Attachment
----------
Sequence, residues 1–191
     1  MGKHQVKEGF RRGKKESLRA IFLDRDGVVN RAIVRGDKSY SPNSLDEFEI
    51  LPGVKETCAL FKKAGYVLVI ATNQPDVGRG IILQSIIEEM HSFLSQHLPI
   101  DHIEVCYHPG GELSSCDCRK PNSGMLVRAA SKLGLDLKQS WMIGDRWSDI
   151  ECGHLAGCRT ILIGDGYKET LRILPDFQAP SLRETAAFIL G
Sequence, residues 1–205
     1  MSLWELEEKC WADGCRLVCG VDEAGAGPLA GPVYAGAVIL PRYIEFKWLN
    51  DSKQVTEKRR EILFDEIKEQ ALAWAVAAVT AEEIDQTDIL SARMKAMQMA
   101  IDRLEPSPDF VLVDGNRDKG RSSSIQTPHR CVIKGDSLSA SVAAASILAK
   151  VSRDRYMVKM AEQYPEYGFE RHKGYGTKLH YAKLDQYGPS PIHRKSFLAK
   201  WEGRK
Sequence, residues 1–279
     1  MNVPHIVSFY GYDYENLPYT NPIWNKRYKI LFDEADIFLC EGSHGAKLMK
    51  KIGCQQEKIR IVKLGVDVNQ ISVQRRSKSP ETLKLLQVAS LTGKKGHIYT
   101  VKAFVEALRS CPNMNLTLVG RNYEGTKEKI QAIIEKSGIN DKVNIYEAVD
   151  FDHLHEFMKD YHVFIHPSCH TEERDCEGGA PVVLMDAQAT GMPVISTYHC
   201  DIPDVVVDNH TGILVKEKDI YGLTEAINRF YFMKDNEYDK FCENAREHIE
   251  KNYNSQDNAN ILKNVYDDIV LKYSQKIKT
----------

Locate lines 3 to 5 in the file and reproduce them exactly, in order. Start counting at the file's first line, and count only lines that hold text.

    51  LPGVKETCAL FKKAGYVLVI ATNQPDVGRG IILQSIIEEM HSFLSQHLPI
   101  DHIEVCYHPG GELSSCDCRK PNSGMLVRAA SKLGLDLKQS WMIGDRWSDI
   151  ECGHLAGCRT ILIGDGYKET LRILPDFQAP SLRETAAFIL G